Lepis and Anti-Lepis Clauses Defined

As as initial matter, it is important to note the New Jersey court system encourages parties to a divorce to settle. The Courts prefer when parties can resolve financial and custodial issues without judicial intervention. The terms of settlement are embodied in a Property Settlement Agreement, also known as a Marital Settlement Agreement.

Oftentimes, a party files a motion for modification of a specific term in the property settlement agreement. New Jersey Courts permit this. The Courts allow parties to file post-judgment (post-divorce) motions for modifications of property settlement agreements (contracts).

In this respect, the contract, property settlement agreement, is treated vastly different in the family context than in a business or employment context. In the latter, there is very litttle room for change.

The New Jersey Supreme Court in Lepis v. Lepis, the seminal case on this matter, held that child support, alimony, visitation, and other related issues are reviewable and modifiable. A prima facie case of a substantial change in circumstances must be shown. Lepis, 83 N.J. 139 (1980).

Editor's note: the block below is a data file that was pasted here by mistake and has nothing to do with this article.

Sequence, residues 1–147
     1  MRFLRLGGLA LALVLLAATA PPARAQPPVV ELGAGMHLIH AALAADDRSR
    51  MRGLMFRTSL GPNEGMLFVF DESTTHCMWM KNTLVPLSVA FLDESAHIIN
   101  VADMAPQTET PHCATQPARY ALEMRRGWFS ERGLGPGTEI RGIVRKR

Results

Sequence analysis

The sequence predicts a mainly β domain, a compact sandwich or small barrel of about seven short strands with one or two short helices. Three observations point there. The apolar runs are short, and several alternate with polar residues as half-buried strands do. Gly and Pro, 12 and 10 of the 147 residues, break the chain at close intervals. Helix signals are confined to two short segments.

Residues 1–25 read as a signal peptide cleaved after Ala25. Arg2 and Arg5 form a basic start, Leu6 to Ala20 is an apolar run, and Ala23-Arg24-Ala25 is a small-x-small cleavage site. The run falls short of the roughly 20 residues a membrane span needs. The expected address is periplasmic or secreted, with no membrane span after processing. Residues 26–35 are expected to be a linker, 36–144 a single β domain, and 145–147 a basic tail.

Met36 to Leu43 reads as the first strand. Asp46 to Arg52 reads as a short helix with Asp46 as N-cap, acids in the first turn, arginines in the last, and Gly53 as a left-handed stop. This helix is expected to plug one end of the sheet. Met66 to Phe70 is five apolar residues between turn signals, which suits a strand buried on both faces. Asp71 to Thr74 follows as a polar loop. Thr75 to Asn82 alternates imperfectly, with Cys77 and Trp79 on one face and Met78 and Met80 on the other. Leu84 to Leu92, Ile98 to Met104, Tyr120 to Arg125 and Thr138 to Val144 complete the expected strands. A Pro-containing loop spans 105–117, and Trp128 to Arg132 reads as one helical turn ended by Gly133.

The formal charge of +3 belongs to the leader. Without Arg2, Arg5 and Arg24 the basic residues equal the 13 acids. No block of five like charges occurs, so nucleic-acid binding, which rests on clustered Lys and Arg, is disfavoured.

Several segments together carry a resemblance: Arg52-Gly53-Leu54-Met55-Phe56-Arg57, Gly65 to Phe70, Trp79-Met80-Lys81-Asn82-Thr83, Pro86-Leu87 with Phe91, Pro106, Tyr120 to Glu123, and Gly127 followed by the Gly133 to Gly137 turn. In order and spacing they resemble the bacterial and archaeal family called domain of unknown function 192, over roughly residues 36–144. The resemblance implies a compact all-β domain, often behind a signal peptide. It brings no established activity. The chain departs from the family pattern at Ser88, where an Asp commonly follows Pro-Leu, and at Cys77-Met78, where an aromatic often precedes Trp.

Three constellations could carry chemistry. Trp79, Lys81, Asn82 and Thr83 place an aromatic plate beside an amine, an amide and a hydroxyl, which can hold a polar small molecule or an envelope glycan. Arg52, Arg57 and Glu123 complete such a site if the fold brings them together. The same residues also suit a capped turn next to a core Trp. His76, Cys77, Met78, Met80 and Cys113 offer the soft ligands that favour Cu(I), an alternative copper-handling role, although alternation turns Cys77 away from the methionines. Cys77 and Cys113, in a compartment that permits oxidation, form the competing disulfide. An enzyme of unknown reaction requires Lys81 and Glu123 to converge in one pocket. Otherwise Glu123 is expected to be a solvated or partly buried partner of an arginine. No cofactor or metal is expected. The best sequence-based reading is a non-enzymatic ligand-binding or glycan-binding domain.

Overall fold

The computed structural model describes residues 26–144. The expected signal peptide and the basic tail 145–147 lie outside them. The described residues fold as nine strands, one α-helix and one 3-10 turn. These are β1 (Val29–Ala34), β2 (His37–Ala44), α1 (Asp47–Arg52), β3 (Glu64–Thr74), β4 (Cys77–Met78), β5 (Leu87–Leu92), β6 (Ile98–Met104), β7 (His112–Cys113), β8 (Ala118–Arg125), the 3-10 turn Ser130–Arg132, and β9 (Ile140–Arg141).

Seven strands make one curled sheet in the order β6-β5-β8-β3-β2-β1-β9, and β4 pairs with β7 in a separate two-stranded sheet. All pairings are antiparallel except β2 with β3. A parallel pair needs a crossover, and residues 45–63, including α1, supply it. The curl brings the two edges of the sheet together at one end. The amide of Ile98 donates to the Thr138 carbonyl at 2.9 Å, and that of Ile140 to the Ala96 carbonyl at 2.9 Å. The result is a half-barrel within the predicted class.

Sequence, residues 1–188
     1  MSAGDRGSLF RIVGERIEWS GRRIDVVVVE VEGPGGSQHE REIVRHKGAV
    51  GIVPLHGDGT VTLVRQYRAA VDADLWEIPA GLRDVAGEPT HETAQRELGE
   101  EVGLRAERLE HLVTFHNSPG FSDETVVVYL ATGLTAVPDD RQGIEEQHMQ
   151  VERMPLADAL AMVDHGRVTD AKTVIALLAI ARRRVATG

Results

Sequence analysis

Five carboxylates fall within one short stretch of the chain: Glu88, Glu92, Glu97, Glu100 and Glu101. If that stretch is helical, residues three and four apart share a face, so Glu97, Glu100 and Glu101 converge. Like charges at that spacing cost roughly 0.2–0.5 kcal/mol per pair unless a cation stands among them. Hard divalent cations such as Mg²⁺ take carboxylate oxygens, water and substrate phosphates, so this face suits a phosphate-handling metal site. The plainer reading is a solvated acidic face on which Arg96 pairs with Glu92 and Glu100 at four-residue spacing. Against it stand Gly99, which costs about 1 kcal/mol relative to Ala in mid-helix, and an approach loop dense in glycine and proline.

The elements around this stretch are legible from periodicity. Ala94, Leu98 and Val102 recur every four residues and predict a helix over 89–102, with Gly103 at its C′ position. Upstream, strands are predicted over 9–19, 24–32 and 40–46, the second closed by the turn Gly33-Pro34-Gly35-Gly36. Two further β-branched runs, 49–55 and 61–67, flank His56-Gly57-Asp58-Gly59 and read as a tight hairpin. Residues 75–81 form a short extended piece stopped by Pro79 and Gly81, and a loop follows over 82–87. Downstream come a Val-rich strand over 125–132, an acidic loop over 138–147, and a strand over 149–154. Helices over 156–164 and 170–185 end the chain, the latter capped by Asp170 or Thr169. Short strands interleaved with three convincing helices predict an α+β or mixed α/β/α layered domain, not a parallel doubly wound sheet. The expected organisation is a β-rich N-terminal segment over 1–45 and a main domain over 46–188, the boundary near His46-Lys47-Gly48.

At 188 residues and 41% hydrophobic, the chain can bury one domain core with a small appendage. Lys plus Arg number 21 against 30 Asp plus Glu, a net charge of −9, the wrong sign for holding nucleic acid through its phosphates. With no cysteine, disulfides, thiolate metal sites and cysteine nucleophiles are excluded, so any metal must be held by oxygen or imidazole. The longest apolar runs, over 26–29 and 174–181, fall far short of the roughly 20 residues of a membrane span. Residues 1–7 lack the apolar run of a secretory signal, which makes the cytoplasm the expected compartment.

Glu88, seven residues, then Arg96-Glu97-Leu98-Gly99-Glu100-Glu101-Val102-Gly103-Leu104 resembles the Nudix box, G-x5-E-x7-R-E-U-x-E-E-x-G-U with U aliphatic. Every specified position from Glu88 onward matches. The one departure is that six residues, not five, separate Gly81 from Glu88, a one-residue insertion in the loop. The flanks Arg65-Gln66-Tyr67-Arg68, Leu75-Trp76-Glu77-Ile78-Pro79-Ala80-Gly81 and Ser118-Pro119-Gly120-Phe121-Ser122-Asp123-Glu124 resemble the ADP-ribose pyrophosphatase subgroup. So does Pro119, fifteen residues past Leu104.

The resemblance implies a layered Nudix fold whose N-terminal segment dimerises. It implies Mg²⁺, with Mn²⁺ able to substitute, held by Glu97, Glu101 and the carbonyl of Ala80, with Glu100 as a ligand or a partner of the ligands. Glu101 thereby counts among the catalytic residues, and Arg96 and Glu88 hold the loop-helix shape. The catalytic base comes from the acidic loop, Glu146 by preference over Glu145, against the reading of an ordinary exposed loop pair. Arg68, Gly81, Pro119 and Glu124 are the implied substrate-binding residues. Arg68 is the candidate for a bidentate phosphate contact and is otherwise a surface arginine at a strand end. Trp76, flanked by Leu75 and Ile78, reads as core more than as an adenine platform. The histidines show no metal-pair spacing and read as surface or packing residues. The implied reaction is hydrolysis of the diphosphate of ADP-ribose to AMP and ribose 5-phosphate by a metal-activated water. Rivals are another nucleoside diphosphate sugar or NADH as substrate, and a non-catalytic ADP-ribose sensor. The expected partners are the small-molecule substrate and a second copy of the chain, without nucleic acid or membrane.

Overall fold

Parties are sometimes weary when entering into property settlement agreements because they are mindful that their soon-to-be ex-spouse can seek to modify the contract based on changed circumstances. Accordingly, it is not uncommon for parties to put Anti-Lepis clauses in their property settlement agreements. By placing this provision in a settlement agreement, essentially both parties are attempting to prevent the other from being able to change any terms of the agreement.

An Anti-Lepis clause in a Property Settlement Agreement explains that each party understands that alimony may be modified, BUT is waiving the right to seek this recourse in the future.
There has been much debate over Anti-Lepis Clauses, and the ability of this clause to withstand scrutiny has not been entirely tested. New Jersey courts have decided many cases involving this specific issue and have reached different outcomes.

However, at present, including an Anti-Lepis Clause in an Agreement is the only way a party can protect himself/herself from being dragged into Court by an ex-spouse for an increase in alimony, or generally speaking, for a change to the terms of the agreement.